Joyce Lagow's Reviews > All Cry Chaos

All Cry Chaos by Leonard Rosen
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's review
Aug 26, 2011

it was amazing
bookshelves: kindle-edition, police-procedural
Read from August 26 to September 03, 2011

Henri Poincaré, the great-grandson of the legendary mathematician Jules Henri Poincaré, is an Interpol senior inspector based in Lyons; he has a small farm near the city where he lives with his wife, Claire. His son Etienne, his wife Lucille, and their three children, Georges, Emil and Grandpa’s favorite, Chloe, live in Paris. Henri has recently concluded a case in which he tracked down Stipo Benovic, a genocidal Serbian murderer who was accused of massacring 70 Muslim men and boys in the recent civil war; Poincaré is in The Hague to asusre himself that Benovic is securely in custody. But while there, an explosion surgically rips through the Ambassade Hotel, killing Dr. James Fenster, a Harvard mathematician who is in the Netherlands to give a seminar at the WTO annual meeting. The explosion is so hot that Fenster’s corpse is charred beyond recognition, and identification is made through forensic means. Poincaré takes on the case, since such an explosive is extremely sophisticated and may be the work of terrorists.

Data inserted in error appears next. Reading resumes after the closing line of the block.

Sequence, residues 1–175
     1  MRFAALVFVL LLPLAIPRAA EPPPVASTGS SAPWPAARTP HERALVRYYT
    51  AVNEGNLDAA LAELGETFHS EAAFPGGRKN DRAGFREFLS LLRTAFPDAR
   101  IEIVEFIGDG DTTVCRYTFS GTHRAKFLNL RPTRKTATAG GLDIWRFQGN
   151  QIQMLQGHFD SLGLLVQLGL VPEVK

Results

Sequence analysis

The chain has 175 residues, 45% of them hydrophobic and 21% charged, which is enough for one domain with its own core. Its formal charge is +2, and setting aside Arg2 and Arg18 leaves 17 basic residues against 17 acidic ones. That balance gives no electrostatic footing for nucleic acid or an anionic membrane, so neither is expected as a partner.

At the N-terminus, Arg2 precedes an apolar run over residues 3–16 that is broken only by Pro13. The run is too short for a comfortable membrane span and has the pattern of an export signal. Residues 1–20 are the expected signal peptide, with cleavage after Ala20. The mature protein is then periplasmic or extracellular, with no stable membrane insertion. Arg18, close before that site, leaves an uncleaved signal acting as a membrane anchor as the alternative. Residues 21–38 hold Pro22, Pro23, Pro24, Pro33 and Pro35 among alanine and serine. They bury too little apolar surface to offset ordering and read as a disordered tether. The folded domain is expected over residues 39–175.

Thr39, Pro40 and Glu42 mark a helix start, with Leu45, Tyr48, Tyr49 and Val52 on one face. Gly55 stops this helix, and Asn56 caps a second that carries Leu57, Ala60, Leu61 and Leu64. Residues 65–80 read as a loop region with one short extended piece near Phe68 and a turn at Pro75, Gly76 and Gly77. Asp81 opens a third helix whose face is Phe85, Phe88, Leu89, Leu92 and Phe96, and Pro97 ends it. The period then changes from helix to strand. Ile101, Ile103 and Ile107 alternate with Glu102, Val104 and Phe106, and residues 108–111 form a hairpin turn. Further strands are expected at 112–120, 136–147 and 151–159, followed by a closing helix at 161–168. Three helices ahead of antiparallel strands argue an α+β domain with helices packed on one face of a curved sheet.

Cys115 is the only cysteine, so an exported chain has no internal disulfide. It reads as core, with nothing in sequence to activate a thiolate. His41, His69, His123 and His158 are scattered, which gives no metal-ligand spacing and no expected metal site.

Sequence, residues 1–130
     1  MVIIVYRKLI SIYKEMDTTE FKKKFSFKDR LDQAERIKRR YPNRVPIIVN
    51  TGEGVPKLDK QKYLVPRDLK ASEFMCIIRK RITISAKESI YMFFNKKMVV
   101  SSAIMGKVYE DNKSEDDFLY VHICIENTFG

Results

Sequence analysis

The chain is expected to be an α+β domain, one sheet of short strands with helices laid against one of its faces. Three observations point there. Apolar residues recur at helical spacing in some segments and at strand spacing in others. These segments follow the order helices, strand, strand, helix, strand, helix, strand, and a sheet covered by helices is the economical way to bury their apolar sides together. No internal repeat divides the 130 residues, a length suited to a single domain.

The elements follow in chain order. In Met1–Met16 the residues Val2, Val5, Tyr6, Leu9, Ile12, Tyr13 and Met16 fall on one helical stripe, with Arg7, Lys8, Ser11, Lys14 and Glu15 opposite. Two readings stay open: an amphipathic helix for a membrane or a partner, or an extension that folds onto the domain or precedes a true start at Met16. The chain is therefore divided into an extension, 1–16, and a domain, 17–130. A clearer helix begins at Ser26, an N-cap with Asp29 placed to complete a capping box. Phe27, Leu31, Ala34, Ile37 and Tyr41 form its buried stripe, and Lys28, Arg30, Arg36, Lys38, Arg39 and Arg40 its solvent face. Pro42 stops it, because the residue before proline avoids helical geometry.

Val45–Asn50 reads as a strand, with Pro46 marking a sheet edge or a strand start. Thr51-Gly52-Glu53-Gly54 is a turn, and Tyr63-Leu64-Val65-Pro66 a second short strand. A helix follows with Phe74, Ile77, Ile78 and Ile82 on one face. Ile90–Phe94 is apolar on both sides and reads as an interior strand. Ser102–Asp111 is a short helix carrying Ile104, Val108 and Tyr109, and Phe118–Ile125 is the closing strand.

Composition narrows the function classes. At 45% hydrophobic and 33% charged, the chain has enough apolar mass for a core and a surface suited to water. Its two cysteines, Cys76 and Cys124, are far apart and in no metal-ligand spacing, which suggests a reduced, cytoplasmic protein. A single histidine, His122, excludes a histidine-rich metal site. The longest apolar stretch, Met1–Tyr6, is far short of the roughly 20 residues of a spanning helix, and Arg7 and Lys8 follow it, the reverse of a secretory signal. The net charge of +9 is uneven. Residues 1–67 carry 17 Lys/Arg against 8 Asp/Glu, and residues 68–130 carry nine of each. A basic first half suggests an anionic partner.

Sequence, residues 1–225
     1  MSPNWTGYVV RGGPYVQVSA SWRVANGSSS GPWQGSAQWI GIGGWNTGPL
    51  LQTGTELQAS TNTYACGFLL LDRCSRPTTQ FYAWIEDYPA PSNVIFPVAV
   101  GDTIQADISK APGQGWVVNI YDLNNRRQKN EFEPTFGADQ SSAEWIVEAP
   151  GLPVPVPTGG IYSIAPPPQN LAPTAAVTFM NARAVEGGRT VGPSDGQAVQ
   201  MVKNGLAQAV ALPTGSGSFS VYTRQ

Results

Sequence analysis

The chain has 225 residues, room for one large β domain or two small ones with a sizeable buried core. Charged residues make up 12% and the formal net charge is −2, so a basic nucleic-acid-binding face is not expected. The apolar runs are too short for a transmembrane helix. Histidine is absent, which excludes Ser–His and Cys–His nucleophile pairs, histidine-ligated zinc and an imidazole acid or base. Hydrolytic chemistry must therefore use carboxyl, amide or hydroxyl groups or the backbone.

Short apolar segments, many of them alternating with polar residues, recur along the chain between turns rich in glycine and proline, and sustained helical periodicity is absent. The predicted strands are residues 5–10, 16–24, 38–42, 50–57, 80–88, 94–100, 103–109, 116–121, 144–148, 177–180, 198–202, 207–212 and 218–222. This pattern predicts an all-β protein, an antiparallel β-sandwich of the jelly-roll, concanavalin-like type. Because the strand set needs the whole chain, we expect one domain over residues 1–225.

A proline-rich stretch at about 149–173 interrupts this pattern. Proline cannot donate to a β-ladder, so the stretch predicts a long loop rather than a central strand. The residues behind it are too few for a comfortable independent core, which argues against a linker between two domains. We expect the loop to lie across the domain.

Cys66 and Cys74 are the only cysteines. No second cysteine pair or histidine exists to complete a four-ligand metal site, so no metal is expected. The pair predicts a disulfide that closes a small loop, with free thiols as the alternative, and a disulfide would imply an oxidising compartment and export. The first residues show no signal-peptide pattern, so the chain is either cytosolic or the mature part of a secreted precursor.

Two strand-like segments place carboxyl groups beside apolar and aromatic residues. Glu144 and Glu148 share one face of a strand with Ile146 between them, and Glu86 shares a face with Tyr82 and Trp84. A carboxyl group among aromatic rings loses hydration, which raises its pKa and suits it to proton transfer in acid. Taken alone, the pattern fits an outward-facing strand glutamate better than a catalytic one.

But while in The Hague, Poincaré receives word that Benovic has put out word to his organization to target Poincaré’s family. Interpol sets up elaborate security measures for his family, allowing a reluctant Poincaré to pursue the bombing case, which has started to take on puzzling aspects.

So far, this could be the description of any number of international thrillers, such as those that Daniel Silva writes with his protagonist, Israeli agent Gabriel Allon. Plot looks familiar and there is a promise of nice twists.

But Rosen has written a richly complex novel that interweaves such unlikely themes as fractals, an End Times Christian fundamentalist group called Soldiers of the Rapture who think that blowing people up will hasten the End Times by creating the necessary chaos for Christ’s appearance, an indigenous people’s liberation movement headed by a charismatic economist/herder, the functioning of the global economy, philosophy and theology. That’s an impressive list of seemingly unrelated topics but Rosen, in a masterpiece of a debut novel, pulls them all together in an absorbing, compelling story. I defy anyone to resist the fascination of fractals after reading Rosen’s superbly written book.

On top of it all, Rosen’s resolution to the plot opens up, for those of us who are interested in such questions, an interesting concept of God that is without doubt thought-provoking.

All this and a beautifully written, fast-paced thriller as well. Highly recommended.

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08/27/2011 page 77
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